Undoubtedly, you've probably seen and heard of compression socks before. Many health care providers, circulatory specialists, athletes, nurses, and anyone who stands for long hours or sits for long hours traveling have no doubt sung their praises as well. Compression socks, also called compression stockings, apply pressure to the legs and feet. They can help people treat specific medical issues while increasing the blood flow during exercise or stationary.
Have you ever wondered, however, how compression socks work? What is it about them that makes them an excellent addition to our everyday lives and health?
Let's dive into compression socks, how they work, and their benefits.
What Are They?
Compression socks are socks of various lengths designed to gently squeeze legs and feet a bit more than a regular sock for those brand new to compression socks or who want a refresher. The key intention behind a compression sock is to promote better blood circulation throughout the legs.
Some of the various choices in compression socks are those that end at the ankle or calf, over the knee or even open toes. Socks with more significant mmHg numbers apply more pressure, and some socks provide different levels of pressure in other areas, all in one sock.
Benefits of Compression Socks
You may be prescribed compression socks by your health care provider or choose to wear them to:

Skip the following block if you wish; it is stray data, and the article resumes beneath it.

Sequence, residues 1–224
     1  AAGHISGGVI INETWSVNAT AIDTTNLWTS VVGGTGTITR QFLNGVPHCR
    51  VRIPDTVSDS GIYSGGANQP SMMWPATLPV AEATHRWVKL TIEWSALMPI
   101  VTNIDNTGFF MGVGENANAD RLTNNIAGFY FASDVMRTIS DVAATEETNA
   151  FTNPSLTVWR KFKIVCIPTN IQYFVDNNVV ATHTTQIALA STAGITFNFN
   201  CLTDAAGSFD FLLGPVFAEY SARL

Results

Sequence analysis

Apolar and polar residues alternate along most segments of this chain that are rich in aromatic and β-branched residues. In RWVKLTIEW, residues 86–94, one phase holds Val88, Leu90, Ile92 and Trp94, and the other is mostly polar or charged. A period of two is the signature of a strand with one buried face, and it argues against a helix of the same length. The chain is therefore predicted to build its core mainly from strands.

- Boost circulation in your legs
- Support veins
- Prevent blood from pooling in your leg veins
- Diminish leg swelling
- Reduce orthostatic hypotension, which causes lightheadedness or unsteadiness when you stand
- Help prevent venous ulcers
- Prevent the development of deep vein thrombosis
- Help lessen the pain caused by varicose veins
- Reverse venous hypertension
- Improve lymphatic drainage
- Ease tired, aching feet and legs
How Compression Socks Work
Compression socks increase the blood flow of your legs and feet by applying pressure to the veins in this area. The arteries that take oxygenated blood to your calves and feet can relax and let the blood flow more freely, allowing your heart to not work as hard to bring that blood back through your veins. This both assists in keeping the blood near the heart but can be preventative in fighting swelling feet. This can also assist people who stand or walk most of the day with less achy feet.
Many doctors will recommend compression socks for treatment for those diagnosed with and suffering from edema or lymphedema, or where swelling of the lower limbs frequently happens due to diabetes. Compression socks are used to help reduce varicose veins and spider veins or as a preventative tool to keep them from getting worse. These are usually blue or purple veins that appear when the valves in blood vessels fail, letting blood pool in one place or flower towards your feet instead of back up towards your heart.
If varicose veins continue to multiply and go untreated, it could lead to blood clots or venous insufficiency. Venous insufficiency is the inability of veins to send blood back to the heart efficiently. This can cause orthostatic hypotension or lowered blood pressure, which can lead to lightheadedness or even fainting after standing up suddenly. Compression socks can help with this issue by gently keeping excess blood from pooling in legs and feet. Pregnant women often wear compression socks to help with swollen feet.